When city and county officials in Albuquerque met last week to discuss reinstating water fluoridation, the scene was one familiar to Santa Feans. Dozens of community members showed up to protest what they described as an unnecessary and potentially cancer-causing, IQ-lowering incursion on their liberty, while doctors and dentists pleaded with the board to just look at the science and more importantly, think of the children.
Although the Albuquerque Bernalillo County Water Utility Authority decided on Feb. 26 to defer a vote on fluoride until later this spring, it allowed about an hour of public comment, reflecting a controversy that will probably continue at a planned April meeting.
Meanwhile, Santa Fe has quietly reduced the fluoride added to its water to match upcoming federal regulations, years after a flurry of proposals, amendments and meetings in 2012 that resulted in no official change to the city code.
City Councilor Chris Calvert initially proposed ending supplemental fluoridation, but the ensuing backlash from medical experts persuaded him to give up his bid.
Rudy Blea, director of the Office of Oral Health at the state health department, says people who don't have regular access to dental care benefit most from water fluoridation.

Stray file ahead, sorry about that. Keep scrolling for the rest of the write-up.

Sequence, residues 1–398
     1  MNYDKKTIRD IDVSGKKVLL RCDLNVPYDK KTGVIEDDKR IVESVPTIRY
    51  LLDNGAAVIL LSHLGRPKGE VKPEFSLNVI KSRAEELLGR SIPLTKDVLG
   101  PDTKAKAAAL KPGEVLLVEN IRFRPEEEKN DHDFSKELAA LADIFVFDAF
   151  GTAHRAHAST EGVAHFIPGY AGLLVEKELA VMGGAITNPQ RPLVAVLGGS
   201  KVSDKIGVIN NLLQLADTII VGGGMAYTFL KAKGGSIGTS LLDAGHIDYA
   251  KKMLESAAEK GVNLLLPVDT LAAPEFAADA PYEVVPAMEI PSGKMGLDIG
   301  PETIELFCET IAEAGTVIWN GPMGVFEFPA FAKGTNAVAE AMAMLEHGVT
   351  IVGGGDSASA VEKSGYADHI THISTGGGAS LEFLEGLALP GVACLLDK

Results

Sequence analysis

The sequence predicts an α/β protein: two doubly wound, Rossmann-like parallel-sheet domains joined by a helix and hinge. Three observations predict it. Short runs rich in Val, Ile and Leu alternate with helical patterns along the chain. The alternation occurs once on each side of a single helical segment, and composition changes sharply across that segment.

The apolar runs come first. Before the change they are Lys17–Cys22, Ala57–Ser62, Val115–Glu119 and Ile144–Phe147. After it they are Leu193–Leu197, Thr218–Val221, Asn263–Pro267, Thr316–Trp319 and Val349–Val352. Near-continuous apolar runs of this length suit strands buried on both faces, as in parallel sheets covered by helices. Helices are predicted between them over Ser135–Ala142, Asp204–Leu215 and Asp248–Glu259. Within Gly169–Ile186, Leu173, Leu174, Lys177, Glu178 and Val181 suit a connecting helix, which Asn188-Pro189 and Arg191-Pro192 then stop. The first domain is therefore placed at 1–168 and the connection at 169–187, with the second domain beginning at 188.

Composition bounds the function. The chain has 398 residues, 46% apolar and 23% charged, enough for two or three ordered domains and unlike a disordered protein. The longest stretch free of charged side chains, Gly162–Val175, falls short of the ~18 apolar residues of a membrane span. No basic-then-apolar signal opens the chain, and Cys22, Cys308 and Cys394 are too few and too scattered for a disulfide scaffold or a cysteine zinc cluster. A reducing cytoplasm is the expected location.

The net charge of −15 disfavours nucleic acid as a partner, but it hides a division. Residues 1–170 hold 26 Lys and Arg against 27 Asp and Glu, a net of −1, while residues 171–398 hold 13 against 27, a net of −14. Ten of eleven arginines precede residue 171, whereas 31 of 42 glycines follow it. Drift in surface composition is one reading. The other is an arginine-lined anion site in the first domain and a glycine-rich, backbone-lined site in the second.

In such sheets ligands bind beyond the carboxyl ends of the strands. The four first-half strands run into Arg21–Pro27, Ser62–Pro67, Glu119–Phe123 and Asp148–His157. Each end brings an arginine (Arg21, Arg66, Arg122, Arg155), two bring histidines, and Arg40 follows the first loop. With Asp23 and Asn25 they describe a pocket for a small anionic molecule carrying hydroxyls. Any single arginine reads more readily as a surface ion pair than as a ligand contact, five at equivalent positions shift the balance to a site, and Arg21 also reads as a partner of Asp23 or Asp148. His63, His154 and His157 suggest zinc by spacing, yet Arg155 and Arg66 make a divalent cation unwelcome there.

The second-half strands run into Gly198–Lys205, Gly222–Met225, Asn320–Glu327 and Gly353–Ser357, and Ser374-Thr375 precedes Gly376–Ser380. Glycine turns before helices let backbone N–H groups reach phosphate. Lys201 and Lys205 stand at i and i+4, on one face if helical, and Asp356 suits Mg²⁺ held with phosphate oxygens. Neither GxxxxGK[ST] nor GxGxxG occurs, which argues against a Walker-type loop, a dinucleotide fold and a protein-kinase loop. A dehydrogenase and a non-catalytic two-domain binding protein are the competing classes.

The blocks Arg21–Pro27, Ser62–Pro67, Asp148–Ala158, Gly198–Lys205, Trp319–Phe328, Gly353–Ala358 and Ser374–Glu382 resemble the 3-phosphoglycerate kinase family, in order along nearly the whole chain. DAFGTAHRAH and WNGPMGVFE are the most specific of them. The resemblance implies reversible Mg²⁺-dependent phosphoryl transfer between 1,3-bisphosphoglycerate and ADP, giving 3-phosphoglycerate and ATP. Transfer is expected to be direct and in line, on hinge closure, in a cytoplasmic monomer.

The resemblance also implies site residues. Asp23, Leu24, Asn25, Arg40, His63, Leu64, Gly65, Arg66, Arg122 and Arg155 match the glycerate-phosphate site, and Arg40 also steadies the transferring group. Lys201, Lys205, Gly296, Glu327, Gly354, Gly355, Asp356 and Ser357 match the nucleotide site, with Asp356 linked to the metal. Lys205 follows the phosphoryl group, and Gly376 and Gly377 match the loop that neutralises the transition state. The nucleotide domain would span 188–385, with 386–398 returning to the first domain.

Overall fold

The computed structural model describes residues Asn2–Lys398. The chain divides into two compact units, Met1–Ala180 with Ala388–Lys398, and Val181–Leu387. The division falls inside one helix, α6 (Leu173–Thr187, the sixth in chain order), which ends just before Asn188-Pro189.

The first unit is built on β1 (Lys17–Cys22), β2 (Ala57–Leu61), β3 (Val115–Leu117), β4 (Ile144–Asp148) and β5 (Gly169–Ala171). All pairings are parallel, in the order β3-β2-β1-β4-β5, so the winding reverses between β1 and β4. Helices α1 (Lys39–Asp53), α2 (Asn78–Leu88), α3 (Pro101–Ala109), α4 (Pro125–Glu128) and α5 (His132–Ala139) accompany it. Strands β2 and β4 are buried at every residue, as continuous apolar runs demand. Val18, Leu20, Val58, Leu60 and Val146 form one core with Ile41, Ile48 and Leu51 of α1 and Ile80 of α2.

“Those who may not need it will never know the difference,” he says, “but if you pull fluoride, you'll see the incidence of tooth decay increase.”
Some opponents of adding fluoride to city drinking water argue tax dollars would be better spent providing improved dental care and education for the poor. Santa Fe spends about $30,000 a year on fluoridation (and it will cost Albuquerque about $100,000), but according to the American Dental Association, every dollar spent on treating tap water saves $38 in dental treatment costs.
Blea said he'd be happy to give the money the city spends on fluoride to an education campaign, but that it would be “just a drop in the bucket” compared to what would be needed to replace the effect of fluoridated tap water.
Albuquerque stopped adding fluoride to the water supply in 2011 after federal health officials proposed lowering the recommended levels of fluoride in drinking water to .7 parts per million, down from the range of .7 to 1.2 ppm that had guided water authorities across the country since 1962.
But three years later, with recommendations from the US Department of Health and Human Services still undergoing a slow process of scientific review and the levels of naturally occurring fluoride in Albuquerque’s wells and water tanks hovering around .4 ppm, water board member and Bernalillo County Commissioner Maggie Hart Stebbins decided to propose adding just enough fluoride to bring the average up to .7 ppm, the lowest level at which dentists say the cavity-fighting effects of fluoride show an impact.
Before the meeting, Stebbins seemed confident in her position. “There’s 60 years worth of data showing .7 is a safe level,” she said. “I have tried to read absolutely everything that has been sent to me, and the factor that keeps coming up in my mind is the concerns that are raised about fluoride. Are they talking about the .7 level, or are they talking about a much higher level? What would give me pause is if I saw a study that showed that .7 causes injury somehow.”